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P.O. Box 57
Byford, WA 6122


Copyright Policy

copyright policy

Respect and integrity - understanding that Indigenous cultural
information is carried in art


Reproducing Indigenous Images and Designs


Changes in technology have made it easier to reproduce images, designs and visual symbols; however there are both ethical and legal issues to be taken into account before such reproduction can occur.


Indigenous Cultural and Intellectual Property Rights


Indigenous Peoples seek certain rights to their cultural heritage material in order for them to continue their cultural practices. 

Visual arts, like other aspects of heritage, are inter-related to all aspects of Indigenous life. 

Indigenous cultural and intellectual property rights are important rights for cultural maintenance


Why protect Indigenous cultural and intellectual property?


There is a need to preserve and maintain Indigenous cultures so there is something to pass on to the future generations. There is also the economic rationale.  If Indigenous cultural material is being exploited for commercial gain, Indigenous peoples should be in control of the consent process and share in the benefits from any authorised commercialisation


What rights do Indigenous peoples want recognised?


The report Our Culture: Our Future sets out a list of rights that Indigenous peoples seek to their Indigenous Cultural and Intellectual Property. These include: 

  • The rights to own and control Indigenous Cultural and Intellectual Property;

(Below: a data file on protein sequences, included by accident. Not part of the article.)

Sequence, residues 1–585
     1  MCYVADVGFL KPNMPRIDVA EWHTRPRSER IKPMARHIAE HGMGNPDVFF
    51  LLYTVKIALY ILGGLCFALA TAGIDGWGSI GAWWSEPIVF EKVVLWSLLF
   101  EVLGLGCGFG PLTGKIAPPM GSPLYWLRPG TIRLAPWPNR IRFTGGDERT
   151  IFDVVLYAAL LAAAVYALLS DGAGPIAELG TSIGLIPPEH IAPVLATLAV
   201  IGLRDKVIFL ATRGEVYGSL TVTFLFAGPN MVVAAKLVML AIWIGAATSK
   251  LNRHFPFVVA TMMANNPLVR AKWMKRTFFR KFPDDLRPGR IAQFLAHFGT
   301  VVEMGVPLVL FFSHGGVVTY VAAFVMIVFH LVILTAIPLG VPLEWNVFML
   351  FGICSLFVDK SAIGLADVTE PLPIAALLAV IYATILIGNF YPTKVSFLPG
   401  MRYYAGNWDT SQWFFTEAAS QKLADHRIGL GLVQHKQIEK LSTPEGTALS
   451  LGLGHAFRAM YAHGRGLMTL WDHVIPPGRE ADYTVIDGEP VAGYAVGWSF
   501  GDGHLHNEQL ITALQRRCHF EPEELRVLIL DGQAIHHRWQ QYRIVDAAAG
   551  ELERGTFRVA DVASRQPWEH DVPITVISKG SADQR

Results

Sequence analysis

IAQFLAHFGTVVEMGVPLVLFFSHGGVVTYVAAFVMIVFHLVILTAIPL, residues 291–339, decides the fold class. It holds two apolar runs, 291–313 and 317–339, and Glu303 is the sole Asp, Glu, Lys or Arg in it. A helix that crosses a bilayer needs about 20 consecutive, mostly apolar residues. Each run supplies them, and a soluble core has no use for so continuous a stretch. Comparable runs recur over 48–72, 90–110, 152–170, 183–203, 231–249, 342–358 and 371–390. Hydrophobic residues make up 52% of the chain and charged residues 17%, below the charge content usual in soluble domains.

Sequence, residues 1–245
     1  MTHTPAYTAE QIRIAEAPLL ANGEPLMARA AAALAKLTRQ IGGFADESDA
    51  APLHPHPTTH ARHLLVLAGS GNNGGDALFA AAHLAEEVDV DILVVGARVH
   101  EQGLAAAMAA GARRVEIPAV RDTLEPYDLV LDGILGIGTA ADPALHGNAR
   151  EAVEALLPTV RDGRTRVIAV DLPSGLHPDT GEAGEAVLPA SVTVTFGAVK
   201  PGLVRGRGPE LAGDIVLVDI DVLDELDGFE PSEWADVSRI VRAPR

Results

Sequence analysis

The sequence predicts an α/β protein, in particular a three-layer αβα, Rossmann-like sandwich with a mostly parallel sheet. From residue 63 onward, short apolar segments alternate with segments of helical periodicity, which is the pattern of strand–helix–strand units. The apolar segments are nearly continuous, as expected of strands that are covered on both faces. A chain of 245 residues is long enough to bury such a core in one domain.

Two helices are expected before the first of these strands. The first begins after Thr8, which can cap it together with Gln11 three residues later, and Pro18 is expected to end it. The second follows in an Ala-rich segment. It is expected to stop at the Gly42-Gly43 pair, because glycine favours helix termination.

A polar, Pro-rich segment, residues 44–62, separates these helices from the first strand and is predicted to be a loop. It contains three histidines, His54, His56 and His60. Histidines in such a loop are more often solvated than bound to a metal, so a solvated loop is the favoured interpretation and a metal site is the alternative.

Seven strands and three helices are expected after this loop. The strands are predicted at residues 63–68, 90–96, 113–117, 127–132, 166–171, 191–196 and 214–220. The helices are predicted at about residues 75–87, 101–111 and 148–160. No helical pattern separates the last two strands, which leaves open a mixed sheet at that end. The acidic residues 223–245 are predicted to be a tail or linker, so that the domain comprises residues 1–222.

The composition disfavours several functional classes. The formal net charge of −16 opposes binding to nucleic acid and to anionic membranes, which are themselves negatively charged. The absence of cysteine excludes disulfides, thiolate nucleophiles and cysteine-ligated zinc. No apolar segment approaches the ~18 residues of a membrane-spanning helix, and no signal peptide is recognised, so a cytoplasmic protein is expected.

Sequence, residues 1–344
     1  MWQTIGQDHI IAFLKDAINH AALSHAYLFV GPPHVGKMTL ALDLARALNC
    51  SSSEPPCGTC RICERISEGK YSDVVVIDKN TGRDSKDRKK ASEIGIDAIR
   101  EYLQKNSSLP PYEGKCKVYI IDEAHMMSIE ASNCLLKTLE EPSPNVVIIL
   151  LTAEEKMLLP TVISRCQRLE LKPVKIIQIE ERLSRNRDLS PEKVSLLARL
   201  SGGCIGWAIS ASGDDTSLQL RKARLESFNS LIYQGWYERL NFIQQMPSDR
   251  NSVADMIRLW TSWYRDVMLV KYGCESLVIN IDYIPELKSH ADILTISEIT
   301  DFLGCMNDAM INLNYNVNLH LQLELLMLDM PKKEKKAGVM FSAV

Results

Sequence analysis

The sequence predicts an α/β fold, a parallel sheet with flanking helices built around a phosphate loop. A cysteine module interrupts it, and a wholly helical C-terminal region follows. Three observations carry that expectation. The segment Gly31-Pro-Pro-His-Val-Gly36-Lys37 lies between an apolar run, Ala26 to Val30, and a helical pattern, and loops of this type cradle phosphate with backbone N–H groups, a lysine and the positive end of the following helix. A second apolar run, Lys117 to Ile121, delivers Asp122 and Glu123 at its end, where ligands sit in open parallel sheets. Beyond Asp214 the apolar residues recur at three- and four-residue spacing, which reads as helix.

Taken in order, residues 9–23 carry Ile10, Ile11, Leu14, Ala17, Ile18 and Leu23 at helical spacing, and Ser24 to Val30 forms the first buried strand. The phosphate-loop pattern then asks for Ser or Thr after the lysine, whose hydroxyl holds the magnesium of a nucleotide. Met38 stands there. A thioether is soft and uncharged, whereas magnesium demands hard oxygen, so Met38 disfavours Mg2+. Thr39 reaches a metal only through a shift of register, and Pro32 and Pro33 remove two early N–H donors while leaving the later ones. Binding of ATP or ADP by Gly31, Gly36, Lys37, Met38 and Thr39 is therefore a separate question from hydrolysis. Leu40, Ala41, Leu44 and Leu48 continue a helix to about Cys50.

• The rights to prevent the derogatory, offensive and fallacious use of Indigenous Cultural and Intellectual Property; 
  • The right to benefit commercially from the authorised use of Indigenous Cultural and Intellectual Property including the right to negotiate terms of such usage; and
  • The right to maintain secrecy of Indigenous knowledge and other cultural practices


Selling copyright


When a painting is sold, the copyright remains with the artist. For copyright to be assigned, there must be some form of writing. Once assigned, the purchaser is the copyright owner and can exercise all rights under copyright, with the exception of the moral rights which remain with the artist. 


Licensing copyright


A copyright licence is a grant of rights to deal with the copyright of a work. Artists can seek to negotiate rights for use of their artistic works under terms and conditions including:

  • purpose
  • exclusive or non-exclusive rights
  • territory
  • time


Land and spirit: Indigenous connection to land and sea territories


Whereas settlers see an empty wilderness, Aboriginal people

see a busy spiritual landscape, peopled by ancestors and the

evidence of their creative feats. These divergent visions

produce a tension, one that spills over into Aboriginal art.
— Marcia Langton, 2000

Copyright Owner’s Exclusive Rights


The copyright owner of an artistic work has the exclusive right to do all or any of the following: 

  • to reproduce the work in a material form
  • to publish the work
  • to include the work in a television broadcast
  • to communicate the work to the public


Licence agreements


A written licence agreement sets out the terms and conditions of a licensing arrangement. These can include:

  • payment 
  • grant of rights
  • nature of licence
  • purpose
  • time 
  • no alteration 
  • attribution